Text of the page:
A Middleburg horse trainer acquitted earlier this month of trying to kill his estranged wife, whom he found in bed with one of his best friends, has been indicted by a Loudoun County grand jury on a charge of murdering his wife's lover.
Yesterday, a day after he was charged with the murder of horse dealer Howard LaBove, 30-year-old Theodore Gregory surrendered to authorities and was released on a $100,000 property bond. He is scheduled to return to court Thursday for a hearing to set a date for the trial, his third in connection with the lover's triangle slaying that shocked Virginia's horse country.
On Friday, Loudoun County Circuit Judge Carlton Penn granted Gregory and his wife, Monique Dana, a divorce, an action Gregory's lawyers had contested because it frees Dana to testify against her ex-husband about the August 1980 shooting of her lover. Under Virginia law spouses cannot testify about crimes their spouses allegedly committed against third parties.
Gregory's lawyer, Jeffrey Rice, called Penn's decree "somewhat unusual" in that each spouse's divorce was granted on different grounds. Dana's was granted because the couple had lived apart for a year while Gregory's was based on the grounds that Dana committed adultery.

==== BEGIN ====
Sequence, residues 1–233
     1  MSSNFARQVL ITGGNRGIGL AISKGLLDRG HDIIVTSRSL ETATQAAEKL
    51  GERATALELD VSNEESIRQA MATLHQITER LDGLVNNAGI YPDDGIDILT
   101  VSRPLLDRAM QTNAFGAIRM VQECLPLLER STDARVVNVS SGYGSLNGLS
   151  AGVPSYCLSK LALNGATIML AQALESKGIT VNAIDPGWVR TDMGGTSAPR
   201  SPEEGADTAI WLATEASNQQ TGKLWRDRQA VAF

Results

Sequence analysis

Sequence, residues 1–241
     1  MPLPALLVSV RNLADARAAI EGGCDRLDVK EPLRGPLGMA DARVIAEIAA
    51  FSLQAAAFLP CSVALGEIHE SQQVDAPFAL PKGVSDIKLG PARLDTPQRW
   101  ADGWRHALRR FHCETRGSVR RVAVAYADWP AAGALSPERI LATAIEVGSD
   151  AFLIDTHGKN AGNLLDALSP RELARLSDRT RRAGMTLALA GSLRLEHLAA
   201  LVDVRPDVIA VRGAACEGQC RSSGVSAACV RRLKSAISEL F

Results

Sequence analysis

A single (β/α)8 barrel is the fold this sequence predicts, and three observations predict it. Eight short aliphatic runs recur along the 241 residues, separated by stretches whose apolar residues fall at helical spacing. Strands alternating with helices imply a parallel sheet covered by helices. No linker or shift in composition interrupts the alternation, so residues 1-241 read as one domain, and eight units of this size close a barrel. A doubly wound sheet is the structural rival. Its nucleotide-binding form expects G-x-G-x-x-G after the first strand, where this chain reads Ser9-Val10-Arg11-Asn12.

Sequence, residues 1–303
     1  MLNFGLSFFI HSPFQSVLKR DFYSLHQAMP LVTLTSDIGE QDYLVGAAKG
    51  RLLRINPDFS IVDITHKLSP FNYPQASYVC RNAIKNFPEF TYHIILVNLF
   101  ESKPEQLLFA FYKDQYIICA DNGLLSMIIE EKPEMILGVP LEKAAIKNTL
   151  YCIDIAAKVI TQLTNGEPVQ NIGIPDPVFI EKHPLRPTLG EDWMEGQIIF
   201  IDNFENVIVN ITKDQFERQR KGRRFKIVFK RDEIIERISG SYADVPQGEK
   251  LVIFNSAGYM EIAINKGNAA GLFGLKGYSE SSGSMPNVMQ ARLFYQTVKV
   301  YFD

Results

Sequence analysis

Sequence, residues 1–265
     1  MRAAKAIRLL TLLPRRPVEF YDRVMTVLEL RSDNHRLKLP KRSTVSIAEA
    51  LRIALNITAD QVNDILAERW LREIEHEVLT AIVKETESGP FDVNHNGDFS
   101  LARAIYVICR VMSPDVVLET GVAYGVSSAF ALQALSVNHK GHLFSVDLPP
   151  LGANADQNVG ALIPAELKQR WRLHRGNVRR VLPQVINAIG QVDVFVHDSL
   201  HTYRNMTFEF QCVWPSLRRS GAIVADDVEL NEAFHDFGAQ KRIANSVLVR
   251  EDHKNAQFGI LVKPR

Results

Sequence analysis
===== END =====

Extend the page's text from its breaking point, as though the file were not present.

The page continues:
Rice said Gregory will appeal the divorce because it was granted in Loudoun, not in adjacent Fauquier County, where the couple had last lived together. He also said Gregory, who spent more than 18 months in the Loudoun County jail between the time of his first and second trial, had been improperly served with divorce papers in jail.
"I feel wonderful about the divorce," Dana, a 28-year-old riding instructor who has assumed her maiden name, said yesterday. "I'm not looking forward to testifying in another trial, but it has to be done."
Gregory, who has been living on his parents' Fauquier County farm since his acquittal, could not be reached for comment.
Three weeks ago, a jury in rural Westmoreland County, 75 miles south of Washington, acquitted Gregory of trying to murder his estranged wife after he found her making love with LaBove, who was then his business partner.
That trial, which had been moved from Loudoun at the request of the defense, marked the second time Gregory had been tried for attempted murder. In December 1980 Gregory was convicted by a jury. That verdict was later voided after Judge Penn agreed with defense attorneys that he had improperly prevented a psychiatrist from testifying.
Defense attorneys claimed Gregory was temporarily insane and therefore innocent. According to testimony, Gregory followed LaBove--well-known in Middleburg as a womanizer--and Dana from a dinner party, took a .45-caliber pistol from the glove compartment of his pickup truck and peered in the window of LaBove's cottage. He then entered the house, opened the bedroom door and announced, "I'm going to kill you, b----!"
Dana fled naked to a nearby house and plunged both arms through a glass door seeking refuge. LaBove was found dead with three bullet wounds in the chest.